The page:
Saturday, June 13, 2015

Jurassic World Premiere at the Alamo Drafthouse

Currently, the crews of the Morrison Natural History Museum and the Best Western Denver Southwest are manning a large booth in the lobby of the Alamo Drafthouse of Littleton, Colorado, taking part of the hype that has accompanied the release of the new Jurassic World movie.  People have been clawing to get in and see the movie, and are pretty excited to see some awesome fossils and fossil casts right there in the lobby!
The Acrocanthosaurus arm clawing its way towards the Alamo Drafthouse building.
We brought over several of the awesome casts that are (usually) on display in the lobby of the Best Western Denver Southwest Dino Hotel, including a Uintatherium skull, one of the Brachiosaurus femora, a Camarasaurus skull, and the prize of the exhibition, the Acrocanthosaurus skull and arm!
Fran, the most complete skull of Acrocanthosaurus ever discovered.  A giant cousin of Allosaurus, this skull was discovered in Oklahoma, and would have lived during the Early Cretaceous Period, around 110 million years ago.  The dinosaur was first described in 1950 by paleontologists J. Willis Stovall and Wann Langston Jr.
A skull of the long-necked sauropod dinosaur Camarasaurus, statistically the most common dinosaur discovered in the Late Jurassic Morrison Formation.  This Camarasaurus specimen, nicknamed "E.T.," was discovered at the Howe Stephens Quarry in Wyoming.  Check out his page on the Black Hills Institute Website by clicking HERE.
A Tyrannosaurus rex arm picks the nose of the Acrocanthosaurus.  Now that's something you don't see every day.
Matt Mossbrucker, the entire Tally family clan, Justin Sewell from TheOneRing.net, and myself have been here since Thursday, talking with folks before and after their movie experience.  Part of what makes the Alamo Drafthouse experience particularly interesting is they do a half hour preshow, where they pull awesome old footage and fun videos that relate to the feature presentation, so you get to enjoy a half hour of awesome old dinosaur footage as well!  So definitely come on by and say hello, and enjoy the movie while you're here!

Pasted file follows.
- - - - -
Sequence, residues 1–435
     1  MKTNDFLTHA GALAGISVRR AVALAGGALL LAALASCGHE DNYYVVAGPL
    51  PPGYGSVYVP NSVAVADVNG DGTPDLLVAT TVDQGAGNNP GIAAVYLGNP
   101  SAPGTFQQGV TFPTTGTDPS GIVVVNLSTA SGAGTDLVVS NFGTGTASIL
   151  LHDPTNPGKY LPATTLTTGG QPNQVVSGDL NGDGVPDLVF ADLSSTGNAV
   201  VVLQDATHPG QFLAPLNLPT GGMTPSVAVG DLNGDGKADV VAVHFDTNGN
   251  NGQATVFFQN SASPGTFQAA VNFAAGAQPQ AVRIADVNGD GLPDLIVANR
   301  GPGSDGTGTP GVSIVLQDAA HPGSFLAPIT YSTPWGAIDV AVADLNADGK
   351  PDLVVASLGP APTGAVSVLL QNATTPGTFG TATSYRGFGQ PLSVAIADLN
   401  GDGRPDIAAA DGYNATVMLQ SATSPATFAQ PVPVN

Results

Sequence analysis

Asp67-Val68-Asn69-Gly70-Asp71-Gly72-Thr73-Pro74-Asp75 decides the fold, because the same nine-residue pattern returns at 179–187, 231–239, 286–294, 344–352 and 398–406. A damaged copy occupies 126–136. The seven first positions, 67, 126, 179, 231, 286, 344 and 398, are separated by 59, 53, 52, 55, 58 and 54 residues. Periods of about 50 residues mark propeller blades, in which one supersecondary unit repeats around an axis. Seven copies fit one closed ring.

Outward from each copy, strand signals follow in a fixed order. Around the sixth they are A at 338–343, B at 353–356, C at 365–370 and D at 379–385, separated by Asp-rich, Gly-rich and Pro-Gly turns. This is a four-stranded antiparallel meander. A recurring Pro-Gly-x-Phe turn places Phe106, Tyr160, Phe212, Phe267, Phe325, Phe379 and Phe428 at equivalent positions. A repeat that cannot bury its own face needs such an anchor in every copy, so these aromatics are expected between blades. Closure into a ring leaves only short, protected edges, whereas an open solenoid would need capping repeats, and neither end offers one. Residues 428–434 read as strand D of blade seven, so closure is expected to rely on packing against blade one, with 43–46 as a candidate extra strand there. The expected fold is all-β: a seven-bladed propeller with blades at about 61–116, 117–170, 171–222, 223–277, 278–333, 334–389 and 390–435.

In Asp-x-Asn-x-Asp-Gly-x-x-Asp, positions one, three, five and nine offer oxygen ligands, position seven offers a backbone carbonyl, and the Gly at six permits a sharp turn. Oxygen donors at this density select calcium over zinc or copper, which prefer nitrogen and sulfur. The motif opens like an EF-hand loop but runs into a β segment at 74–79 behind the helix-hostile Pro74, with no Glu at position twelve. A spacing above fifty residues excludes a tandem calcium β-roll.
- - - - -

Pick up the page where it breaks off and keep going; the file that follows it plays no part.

From left to right: Joe Tally, Greg Tally, and Caroline Tally doing very important science.
Matthew Mossbrucker, Director and Chief Curator of the Morrison Natural History Museum, poses next to the gigantic femur of the Brachiosaurus, with the Acrocanthosaurus skull slung over one shoulder and the Camarasaurus skull in the other.  Imagine how cool you would look carrying that Brachiosaurus femur around in a hotel parking lot. 
Merlin Barnes, Outreach Specialist at Dinosaur Ridge, our neighbors both at the Drafthouse and in real life.
I got to watch Jurassic World this afternoon, and I was very pleased with the movie, I thought it was very entertaining and a great movie overall!  For the next few days, I'm going to spend as much time as I can talking about different aspects of the movie, both accurate and inaccurate aspects of it, for all of your reading and viewing pleasure!  Some topics I plan to talk about include:


  • Pterygoid teeth
  • Shed teeth
  • Feathers
  • Faculative bipedalism
  • Herding and group behavior
  • Defensive tails
  • Head butting
  • Dinosaur hands and rabbit paws
  • Venomous and poisonous dinosaurs
  • Threat displays
  • Paleo art
  • Opposable thumbs
  • Pterosaur diets
  • Dinos in the snow
  • Maybe even a little cuttlefish talk too


I had a lot of fun watching the movie, and I'm still having fun talking with the crowds of people entering and exiting the theater, hyped up and excited to learn more about dinosaurs and their prehistoric contemporaries!  I'm also looking forward to using the movie as an opportunity to engage people about dinosaurs, and hopefully you who are still reading this post will, too.
Matthew Mossbrucker (left) and Greg Tally, co-owner of the Best Western Denver Southwest Dino Hotel, walk the Brachiosaurus femur out of the lobby of the hotel, on its way to the Alamo Drafthouse.  We thought it could use a nice explosion in the background, so....
....this was born.

1 comment:

  1. Part of what makes the Alamo Drafthouse experience particularly interesting is they do a half hour preshow, where they pull awesome old footage and fun videos that relate to the feature presentation.

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